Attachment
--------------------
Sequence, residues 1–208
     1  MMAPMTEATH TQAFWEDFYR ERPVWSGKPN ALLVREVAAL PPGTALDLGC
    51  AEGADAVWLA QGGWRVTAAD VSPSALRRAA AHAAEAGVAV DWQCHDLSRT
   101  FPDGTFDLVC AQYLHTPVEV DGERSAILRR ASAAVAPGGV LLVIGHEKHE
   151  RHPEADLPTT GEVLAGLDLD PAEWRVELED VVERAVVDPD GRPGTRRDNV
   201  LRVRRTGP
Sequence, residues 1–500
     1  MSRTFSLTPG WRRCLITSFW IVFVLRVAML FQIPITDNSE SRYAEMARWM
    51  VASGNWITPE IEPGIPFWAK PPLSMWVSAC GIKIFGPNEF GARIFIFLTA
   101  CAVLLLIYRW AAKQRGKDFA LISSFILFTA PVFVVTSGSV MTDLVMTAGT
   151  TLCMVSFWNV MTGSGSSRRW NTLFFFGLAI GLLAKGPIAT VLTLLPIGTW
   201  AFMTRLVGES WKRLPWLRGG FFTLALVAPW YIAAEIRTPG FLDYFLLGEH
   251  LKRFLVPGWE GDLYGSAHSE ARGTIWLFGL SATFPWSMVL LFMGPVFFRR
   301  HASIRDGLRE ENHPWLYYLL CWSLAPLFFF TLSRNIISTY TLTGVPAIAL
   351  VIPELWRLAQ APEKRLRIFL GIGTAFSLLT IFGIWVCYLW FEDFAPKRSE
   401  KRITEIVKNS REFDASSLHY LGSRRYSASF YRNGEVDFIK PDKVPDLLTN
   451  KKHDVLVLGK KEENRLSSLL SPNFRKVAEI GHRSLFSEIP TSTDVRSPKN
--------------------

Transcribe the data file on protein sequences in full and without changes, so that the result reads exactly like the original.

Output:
Sequence, residues 1–208
     1  MMAPMTEATH TQAFWEDFYR ERPVWSGKPN ALLVREVAAL PPGTALDLGC
    51  AEGADAVWLA QGGWRVTAAD VSPSALRRAA AHAAEAGVAV DWQCHDLSRT
   101  FPDGTFDLVC AQYLHTPVEV DGERSAILRR ASAAVAPGGV LLVIGHEKHE
   151  RHPEADLPTT GEVLAGLDLD PAEWRVELED VVERAVVDPD GRPGTRRDNV
   201  LRVRRTGP
Sequence, residues 1–500
     1  MSRTFSLTPG WRRCLITSFW IVFVLRVAML FQIPITDNSE SRYAEMARWM
    51  VASGNWITPE IEPGIPFWAK PPLSMWVSAC GIKIFGPNEF GARIFIFLTA
   101  CAVLLLIYRW AAKQRGKDFA LISSFILFTA PVFVVTSGSV MTDLVMTAGT
   151  TLCMVSFWNV MTGSGSSRRW NTLFFFGLAI GLLAKGPIAT VLTLLPIGTW
   201  AFMTRLVGES WKRLPWLRGG FFTLALVAPW YIAAEIRTPG FLDYFLLGEH
   251  LKRFLVPGWE GDLYGSAHSE ARGTIWLFGL SATFPWSMVL LFMGPVFFRR
   301  HASIRDGLRE ENHPWLYYLL CWSLAPLFFF TLSRNIISTY TLTGVPAIAL
   351  VIPELWRLAQ APEKRLRIFL GIGTAFSLLT IFGIWVCYLW FEDFAPKRSE
   401  KRITEIVKNS REFDASSLHY LGSRRYSASF YRNGEVDFIK PDKVPDLLTN
   451  KKHDVLVLGK KEENRLSSLL SPNFRKVAEI GHRSLFSEIP TSTDVRSPKN